Just prior to the start of Lightfair, the EPA released Draft 4 of the Energy Star Product Specification for Lamps. The intent of this effort is to harmonize and update the CFL and LED lamp standards into a unified specification for omnidirectional, decorative, and directional replacement bulbs such as A, G, PAR and MR styles for example. This effort has been going through the stakeholder review process since October 2011 and seems to be approaching completion. Once approved, there will be a one year transition process to phase in and replace the existing Integral LED Lamp (V1.4) requirements.
Since requirements seem to be finalizing, now seemed like an appropriate time to highlight some of the requirements specifically related to LED bulbs that are changing, discuss new requirements that are being added as well as indicate some of the items that are being carried forward from the existing Integral LED Lamp eligibility requirements. Moreover some requirements are being relaxed or expanded in scope. Since the standard is still in a draft state, these items are still subject to changes based on stakeholder feedback. A webinar going over the changes will occur on May 13th with final stakeholder comments due by May 17th.
The table above while far from exhaustive, does highlight some of the critical parameters. Not surprising based on the rapid improvement of LED lamps is that the minimum efficicacy requirements have inched up. One of the items that has harmonized with the CFL requirements is the addition of a wider gamut of CCT (Correlated Color Temperature) options so now “cooler” 5,000 K and 6,500 K have been added, but all LED lamps must still have a minimum CRI (Color Rendering Index) of 80 with a R9>0. Interestingly only a 7 step MacAdam ellipse is required, which is still considered a wide window compared to existing incandescent and halogen bulbs.
One surprise for some LED bulb manufacturers is that the option to submit non-standard bulb shapes has been eliminated. This reflects in some way the fact that LEDs, optics, thermal management and drivers are capable of achieving the minimum lifetime requirements without the need for extra space for larger heatsinks or room within the bulb for drive electronics that was an early limitation of some lamps. Unfortunately this decision also eliminates line powered MR16 type lamps with a GU10 base since that is currently not in the existing ANSI standard.
One area where the requirements have been enhanced is the area of dimming performance. While there is no requirement that LED bulbs be dimmable within the specification, for those bulbs that want to claim to be “dimmable”, there are some tangible requirements that must be meet. First they must be tested with at least 10 dimmers from at least two different suppliers. At the minimum dimmer position, at least 80 percent of the lamps tested must have a light output of < 20 percent. Moreover at the maximum position the stated light output must be at least 80 percent of the stated lumen requirement for the bulb when directly powered from the line. Make no mistake, these dimming requirements in no way imply comparable performance to incandescent or halogen light sources, nevertheless for the first time, there are established some rudimentary boundaries conditions. While this is a far cry from requiring manufacturers to design their LED lamps to comply with recommended NEMA SSL-6 dimming curve it is a step in the right direction and reflects in may ways the challenges associated with making LED bulbs backwardly compatible to all the phase cut dimmers that have been installed across the North America over the last few decades.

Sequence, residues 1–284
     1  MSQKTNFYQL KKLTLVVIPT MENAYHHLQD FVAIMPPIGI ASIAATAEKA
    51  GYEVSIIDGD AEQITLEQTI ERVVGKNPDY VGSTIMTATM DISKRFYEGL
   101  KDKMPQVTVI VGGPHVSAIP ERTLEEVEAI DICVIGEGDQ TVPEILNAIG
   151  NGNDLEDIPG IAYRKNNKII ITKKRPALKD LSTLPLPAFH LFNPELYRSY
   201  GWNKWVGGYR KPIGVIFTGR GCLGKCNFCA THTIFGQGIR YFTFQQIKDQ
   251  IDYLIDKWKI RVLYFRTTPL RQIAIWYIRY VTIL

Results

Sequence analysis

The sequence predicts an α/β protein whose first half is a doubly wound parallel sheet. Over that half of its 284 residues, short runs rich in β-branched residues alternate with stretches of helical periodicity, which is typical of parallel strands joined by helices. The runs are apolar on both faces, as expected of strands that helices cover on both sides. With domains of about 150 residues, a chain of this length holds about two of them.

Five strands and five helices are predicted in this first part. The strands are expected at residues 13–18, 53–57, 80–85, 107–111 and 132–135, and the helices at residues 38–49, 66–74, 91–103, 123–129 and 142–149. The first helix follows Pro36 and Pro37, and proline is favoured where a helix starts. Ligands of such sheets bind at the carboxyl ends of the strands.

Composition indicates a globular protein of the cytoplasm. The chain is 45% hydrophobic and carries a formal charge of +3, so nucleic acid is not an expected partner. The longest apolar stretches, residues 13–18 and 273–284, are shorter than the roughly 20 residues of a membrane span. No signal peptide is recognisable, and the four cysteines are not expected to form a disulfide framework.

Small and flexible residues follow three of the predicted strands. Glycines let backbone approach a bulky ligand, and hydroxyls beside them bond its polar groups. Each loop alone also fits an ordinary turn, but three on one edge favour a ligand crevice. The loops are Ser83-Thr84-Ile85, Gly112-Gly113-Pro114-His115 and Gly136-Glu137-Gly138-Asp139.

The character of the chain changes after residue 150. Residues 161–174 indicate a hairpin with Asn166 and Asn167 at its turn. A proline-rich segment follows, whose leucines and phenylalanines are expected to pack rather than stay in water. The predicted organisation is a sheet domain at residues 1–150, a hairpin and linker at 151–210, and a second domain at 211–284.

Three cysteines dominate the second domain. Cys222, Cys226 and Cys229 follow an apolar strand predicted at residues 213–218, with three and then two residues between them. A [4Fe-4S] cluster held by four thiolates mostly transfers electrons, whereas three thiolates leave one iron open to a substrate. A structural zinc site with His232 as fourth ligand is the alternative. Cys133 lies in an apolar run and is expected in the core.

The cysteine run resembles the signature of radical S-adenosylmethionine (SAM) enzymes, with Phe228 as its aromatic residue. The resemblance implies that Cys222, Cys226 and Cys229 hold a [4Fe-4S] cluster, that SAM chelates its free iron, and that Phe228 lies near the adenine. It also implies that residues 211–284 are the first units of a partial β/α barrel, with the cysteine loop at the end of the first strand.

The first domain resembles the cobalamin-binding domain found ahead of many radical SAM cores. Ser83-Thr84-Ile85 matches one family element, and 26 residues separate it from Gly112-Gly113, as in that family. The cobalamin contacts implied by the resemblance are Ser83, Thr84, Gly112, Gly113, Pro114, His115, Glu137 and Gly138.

One area that has been added to the specification is a new flicker requirement based on a concept called the flicker index. As anyone involved in the lighting industry knows, all lamps powered directly from the AC line including incandescent, fluorescent as well as LEDs have frequency dependent luminous flux variation and depending on the magnitude and frequency may have physiological impact to individuals who may be particularity sensitive so this is not a new phenomena. While there are complex analytical tools to quantify optical flicker, it is also possible to see it with graphical tools such as this tool below provided by Lumenique.
Flicker Indicator Machine (Image Courtesy of Kevin L. Willmorth, Lumenique)
In the case of integral LED lamps, the main contributor to optical flicker is the design of the LED driver and since there are numerous driver configurations with various design, performance and cost tradeoffs, this topic can be quite complex and will be covered in a future article. In the mean while to get additional information on the topic of Flicker, the Department of Energy recently published a technology fact sheet on the subject that is very informative.